Carrasco argues that the evidence in the record was insufficient to warrant a jury instruction on joint possession. The instruction provided: "More than one person can be in possession of something if each knows of its presence and has the power and intention to control it." It is undisputed that this is a correct statement of the law. Whether the required factual foundation exists to support a requested jury instruction is reviewed for an abuse of discretion. United States v. Hairston, 64 F.3d 491, 493 (9th Cir. 1995).
Defense counsel presented the evidence and argument justifying the joint possession instruction. Carrasco's counsel argued to the jury that Burgess, not Carrasco, possessed the revolver, and erroneously implied that possession could not attach to both. (He made a similar, albeit less direct, argument with respect to the shotgun shells.) Defense counsel highlighted that both Carrasco and Burgess occupied the vehicle with the firearm and ammunition, and that both Carrasco and Burgess had equal access to the shotgun shells. In addition, Carrasco testified that Burgess was the one who brought the revolver into the car. Carrasco's evidence and his counsel's argument that Burgess possessed the firearm and ammunition, when considered in conjunction with the Government's evidence and argument that Carrasco possessed these items, provide a sufficient factual foundation for the joint possession instruction. It was proper for the district court to inform the jury that possession by one person does not necessarily preclude possession by another. See United States v. Tirrell, 120 F.3d 670, 676 (7th Cir. 1997); United States v. Aldaco, 201 F.3d 979, 990 (7th Cir. 2000); United States v. Chesney, 86 F.3d 564, 573 (6th Cir. 1996).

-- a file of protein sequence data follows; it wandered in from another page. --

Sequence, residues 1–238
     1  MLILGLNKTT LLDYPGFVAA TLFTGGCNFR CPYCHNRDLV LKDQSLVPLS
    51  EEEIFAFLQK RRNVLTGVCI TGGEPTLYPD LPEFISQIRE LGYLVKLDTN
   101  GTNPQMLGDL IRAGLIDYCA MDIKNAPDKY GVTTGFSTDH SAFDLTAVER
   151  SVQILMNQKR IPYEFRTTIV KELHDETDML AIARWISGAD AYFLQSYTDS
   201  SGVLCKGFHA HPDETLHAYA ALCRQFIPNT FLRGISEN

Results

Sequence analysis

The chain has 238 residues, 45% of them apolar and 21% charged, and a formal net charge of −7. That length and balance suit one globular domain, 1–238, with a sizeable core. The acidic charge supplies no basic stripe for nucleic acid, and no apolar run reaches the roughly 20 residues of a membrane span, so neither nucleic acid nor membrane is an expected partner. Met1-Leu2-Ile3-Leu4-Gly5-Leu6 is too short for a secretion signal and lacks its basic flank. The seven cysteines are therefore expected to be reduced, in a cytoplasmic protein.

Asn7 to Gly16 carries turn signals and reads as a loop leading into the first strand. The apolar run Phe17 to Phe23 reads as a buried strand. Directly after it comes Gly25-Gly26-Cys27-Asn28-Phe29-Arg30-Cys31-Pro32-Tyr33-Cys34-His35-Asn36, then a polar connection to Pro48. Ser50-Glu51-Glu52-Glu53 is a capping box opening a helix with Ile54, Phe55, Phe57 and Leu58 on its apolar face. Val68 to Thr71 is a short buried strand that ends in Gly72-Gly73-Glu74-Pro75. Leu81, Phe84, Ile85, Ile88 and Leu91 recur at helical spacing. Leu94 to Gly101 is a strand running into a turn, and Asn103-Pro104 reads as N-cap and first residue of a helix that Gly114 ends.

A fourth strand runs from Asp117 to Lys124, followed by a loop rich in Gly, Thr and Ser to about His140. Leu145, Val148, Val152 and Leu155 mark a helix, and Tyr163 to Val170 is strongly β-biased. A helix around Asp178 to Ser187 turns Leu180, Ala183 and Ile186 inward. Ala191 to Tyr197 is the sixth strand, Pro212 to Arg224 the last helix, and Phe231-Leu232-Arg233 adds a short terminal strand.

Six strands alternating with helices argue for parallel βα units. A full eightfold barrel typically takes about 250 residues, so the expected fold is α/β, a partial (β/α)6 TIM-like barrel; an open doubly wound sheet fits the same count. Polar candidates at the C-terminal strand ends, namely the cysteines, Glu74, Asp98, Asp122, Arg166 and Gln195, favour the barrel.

Accordingly, the district court did not abuse its discretion in providing the joint possession instruction.
IV. Speedy Trial Act.
Carrasco argues that the Government violated the Speedy Trial Act by alleging in the superseding indictment that Carrasco possessed the bullets and shotgun shells in violation of 18 U.S.C. §§ 922(g)(1). As Carrasco never filed a motion to dismiss on this ground, he contends that the trial court committed plain error. Carrasco also packages this claim as one for ineffective assistance of counsel based on his attorney's failure to move to dismiss the indictment pursuant to the Speedy Trial Act.3
The Speedy Trial Act gives the Government thirty days to indict a defendant on charges alleged in the criminal complaint. The Act states:
Any information or indictment charging an individual with the commission of an offense shall be filed within thirty days from the date on which such individual was arrested or served with a summons in connection with such charges.
18 U.S.C. §§ 3161(b). If the Government fails to indict a defendant within thirty days on the charges alleged in the criminal complaint, such charges must be dismissed. As section 3162(a)(1) provides:
If, in the case of any individual against whom a complaint is filed charging such individual with an offense, no indictment or information is filed within the time limit required by section 3161(b) . . . , such charge against that individual contained in such complaint shall be dismissed or otherwise dropped.